The results for the advanced case when assessed without SAC tool were 82 – straightforward, 18 – advanced, 0 – complex When they were provided with the SAC tool the results were as follows 7 – straightforward, 92 – advanced, 1 – complex. There was a significant result for the advanced case (graph 2 & table 1).
The results for the complex case provided when assessed without the SAC tool were 39 – straightforward, 48 – advanced, 13 – complex. When they were provided with the SAC tool the results were 0 – straightforward, 9 – advanced, 91 – complex. The result was significant for the complex case (graph 3 & table 1).
The success rate and the clinical survival of the prosthetic rehabilitation with dental implants for fully or partially edentulous areas are high (Misch & Wang 2008). The SAC classification system acts as a tool to support the clinical decision by systematizing the risk factors of a rehabilitation with dental implants (Correia et al. 2020). All the patients were selected from the institution only.
The SAC Assessment Tool takes users through each step necessary to identify the degree of complexity and potential risk involved in individual implant dentistry cases in an easy-to-use process. This tool makes use of the ITI’s highly regarded classification system referred to as SAC: Straightforward, Advanced, Complex. It reflects the normative guidelines developed by the ITI for various types of restorative and surgical cases. The tool is based on the book entitled “The SAC Classification in Implant Dentistry 2nd Edition”, published by the ITI in cooperation with Quintessence Publishing Group.
The success rate and clinical survival of prosthetic rehabilitation with dental implants for fully and partially edentulous areas are high (Correia et al. 2020; Dhingra 2012). However, it is necessary to be aware of the risks and complications inherent in this type of treatment in order to avoid failures associated with diagnostic errors and to design the best treatment plan for the patient. The SAC classification system acts as a tool to support clinical decision-making by systematizing the risk factor of rehabilitation with dental implants.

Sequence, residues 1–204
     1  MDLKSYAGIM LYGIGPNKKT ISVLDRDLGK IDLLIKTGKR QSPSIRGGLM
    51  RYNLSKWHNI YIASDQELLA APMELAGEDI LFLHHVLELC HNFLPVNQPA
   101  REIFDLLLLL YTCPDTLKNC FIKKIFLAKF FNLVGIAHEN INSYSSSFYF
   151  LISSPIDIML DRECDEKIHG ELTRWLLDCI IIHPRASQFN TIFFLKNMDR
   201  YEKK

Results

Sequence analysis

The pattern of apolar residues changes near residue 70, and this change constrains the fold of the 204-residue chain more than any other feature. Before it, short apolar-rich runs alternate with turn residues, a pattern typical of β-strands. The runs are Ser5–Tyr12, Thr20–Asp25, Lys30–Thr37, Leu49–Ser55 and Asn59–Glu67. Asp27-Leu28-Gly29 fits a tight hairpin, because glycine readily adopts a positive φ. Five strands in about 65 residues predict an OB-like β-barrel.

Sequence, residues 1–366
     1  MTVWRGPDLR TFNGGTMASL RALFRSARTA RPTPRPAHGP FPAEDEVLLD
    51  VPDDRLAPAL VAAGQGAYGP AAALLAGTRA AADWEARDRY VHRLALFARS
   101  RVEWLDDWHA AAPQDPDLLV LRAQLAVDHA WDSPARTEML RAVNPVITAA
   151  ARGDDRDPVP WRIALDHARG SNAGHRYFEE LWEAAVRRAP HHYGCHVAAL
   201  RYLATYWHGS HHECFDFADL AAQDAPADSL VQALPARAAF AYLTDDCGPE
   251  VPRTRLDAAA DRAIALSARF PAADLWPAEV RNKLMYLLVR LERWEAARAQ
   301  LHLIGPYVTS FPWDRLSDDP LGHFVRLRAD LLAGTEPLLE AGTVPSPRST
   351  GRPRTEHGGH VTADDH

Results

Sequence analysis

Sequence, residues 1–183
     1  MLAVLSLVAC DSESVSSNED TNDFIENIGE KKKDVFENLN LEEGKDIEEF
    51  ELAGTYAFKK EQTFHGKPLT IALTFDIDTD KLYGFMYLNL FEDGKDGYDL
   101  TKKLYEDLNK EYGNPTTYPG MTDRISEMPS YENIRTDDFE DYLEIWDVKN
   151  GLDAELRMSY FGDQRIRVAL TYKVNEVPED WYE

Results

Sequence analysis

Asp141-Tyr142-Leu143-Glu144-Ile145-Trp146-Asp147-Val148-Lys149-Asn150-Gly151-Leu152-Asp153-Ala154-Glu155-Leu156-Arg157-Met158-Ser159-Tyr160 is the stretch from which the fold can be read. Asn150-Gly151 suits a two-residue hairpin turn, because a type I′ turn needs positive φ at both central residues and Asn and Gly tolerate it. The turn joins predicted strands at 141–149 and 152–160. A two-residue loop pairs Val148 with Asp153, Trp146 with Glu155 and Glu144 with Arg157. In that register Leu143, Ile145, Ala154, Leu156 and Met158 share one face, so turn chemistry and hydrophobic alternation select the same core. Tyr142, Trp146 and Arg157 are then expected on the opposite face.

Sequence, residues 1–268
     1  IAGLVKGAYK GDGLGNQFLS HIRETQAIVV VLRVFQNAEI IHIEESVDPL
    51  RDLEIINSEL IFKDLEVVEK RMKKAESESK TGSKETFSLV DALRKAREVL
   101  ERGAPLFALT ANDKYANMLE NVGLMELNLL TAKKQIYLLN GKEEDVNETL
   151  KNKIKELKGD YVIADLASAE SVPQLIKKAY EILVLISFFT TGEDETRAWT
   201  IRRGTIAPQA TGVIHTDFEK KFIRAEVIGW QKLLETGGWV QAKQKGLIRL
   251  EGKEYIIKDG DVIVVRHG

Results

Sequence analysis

Mattheos et al. reported that it is necessary to introduce some uniformity among the oral implantology programs (Correia et al. 2020; Mattheos et al. 2014). For example, the EAO certification/diploma in implant dentistry and the ITI Curriculum are educational programs that may lead to a more standardized approach to implant dentistry education of higher quality, which is very important for increasing clinical success rates and to promote the scientific domain in implant dentistry.
A previous study was about the agreement level of the treatment plan provided by the SAC tool with different users (Dhingra 2012; Mattheos et al. 2014). This is the first study to include undergraduates that also aims to create awareness among dentists at a beginner level about the parameters that have to be evaluated for successful implant treatment planning. This study made undergraduate students consider many other factors that they previously left out when creating their treatment plan for a particular case. Therefore, this particularly helps implant dentists at a beginner level and it also potentially considerably improves the treatment given to the patient. More cases for each category should be included in future studies.
Within the limitations of our study, although there were no significant results for straightforward cases, the SAC tool gives significant results for complex and advanced cases (p<0.05). It can therefore be considered a valid and efficient way to educate dentists with less experience in implant dentistry and ultimately improve patient care.
We would like to thank all the participants who took part in the study. We also thank Saveetha dental college and hospitals for their continuous help and support.
First author (S. Karthickraj) performed the analysis and interpretation and wrote the manuscript. Second author (R. Subhashree) contributed to the concept, data design, analysis, and interpretation, and also critically revised the manuscript. Third author (N. Thiyaneswaran) critically reviewed the manuscript. All the authors discussed the results and revised the manuscript.